1 . The Victorian Medico-Legal Autopsy, by Karyo Magellan

number-1

This fascinating article first appeared in Ripperologist magazine, but is now available on the Casebook website. It looks at autopsies and forensic examinations as they existed in 1888, the year that Jack the Ripper was wreaking havoc in east London.

 

2. Short History of the Autopsy, by Jack Gulczyński, Ewa Izycka-Świeszewska and Marek Grzybiak

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For an academic discussion of the history of the autopsy, try this (English language) article in the Polish Journal of Pathology. This is actually the second of two articles, and focuses on the period between the 16th and 21st centuries. It’s free to download as a pdf, which is a novelty with academic journal articles. 🙂

3. A Bite Into the History of the Autopsy, by Julian L Burton

number-6

This is another academic article, this time from the journal Forensic Science, Medicine and Pathology (1(4), December 2005, pp.277-284). Part of it looks at the development of the autopsy during the 17th to 19th centuries, although its focus is limited to Europe.

 

 

4. The Coroners’ Society

number-4

The website for The Coroners’ Society of England and Wales has a page on its history, and that of the duty of coroners throughout history. It links to the inaugural minutes of the society from 1846, and refers to legislation such as the Coroners Act of 1887 (and if your interest is well and truly piqued, elsewhere on the site, you can learn how to become a C21st coroner…).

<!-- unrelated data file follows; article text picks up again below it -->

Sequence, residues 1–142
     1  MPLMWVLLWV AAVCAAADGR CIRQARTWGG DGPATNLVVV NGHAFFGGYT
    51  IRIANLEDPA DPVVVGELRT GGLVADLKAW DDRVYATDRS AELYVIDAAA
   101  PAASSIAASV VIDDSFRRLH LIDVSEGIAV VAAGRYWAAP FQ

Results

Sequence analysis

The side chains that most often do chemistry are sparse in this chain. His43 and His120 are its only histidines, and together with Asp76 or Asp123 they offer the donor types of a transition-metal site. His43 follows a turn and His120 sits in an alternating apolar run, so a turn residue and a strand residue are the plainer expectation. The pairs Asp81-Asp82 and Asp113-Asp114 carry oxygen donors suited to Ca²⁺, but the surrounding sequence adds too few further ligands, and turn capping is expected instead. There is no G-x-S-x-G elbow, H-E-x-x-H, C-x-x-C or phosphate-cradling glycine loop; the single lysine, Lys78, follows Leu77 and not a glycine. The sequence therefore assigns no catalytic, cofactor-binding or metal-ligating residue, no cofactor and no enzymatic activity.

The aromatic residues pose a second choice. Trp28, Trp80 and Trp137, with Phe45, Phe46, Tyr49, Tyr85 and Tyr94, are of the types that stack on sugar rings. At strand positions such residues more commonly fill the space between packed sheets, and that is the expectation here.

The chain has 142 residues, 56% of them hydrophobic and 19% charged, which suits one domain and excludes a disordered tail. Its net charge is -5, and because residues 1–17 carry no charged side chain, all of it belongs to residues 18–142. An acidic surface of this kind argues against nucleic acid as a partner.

5. The National Archives

number-5

Although The National Archives (TNA) does not have any coroners’ records available to view on its own site, it has a useful research guide as to where you can find information about coroners’ inquests. These include records held at TNA (such as CHES 18 and ASSI 66), and those found in local archives as part of Quarter Session records (coroners being required to file their inquests there until 1860).

And also, remember that historic newspapers can also shed a surprising amount of detail on the process of Victorian postmortems, particularly in prominent murder cases. In the UK, you can try the British Newspaper Archive and Welsh Newspapers Online; or in the States, Newspapers.com.

Hanged at Tyburn: An Interactive Account

tyburn
I’ve been playing with ThingLink, which enables you to create interactive pictures, embedding photos, videos and webpages within them. It’s got a lot of potential for historians, particularly those creating educational material for students, I think.

As this is only a WordPress.com account, I’m not allowed to embed ThingLink images into this post (boo!), but you can see my initial ThingLink about Tyburn hangings here.

 

 

15 Punishments We Used To Think Were Acceptable

Condamné_à_la_potence_lpdpI’d forgotten I had done this, but I did a quick list for Buzzfeed (on its community section).

So to see my list of 15 punishments we used to think were acceptable, click here.

Not an in-depth look at crime and punishment, but an, um, lighter-hearted look at execution and such like.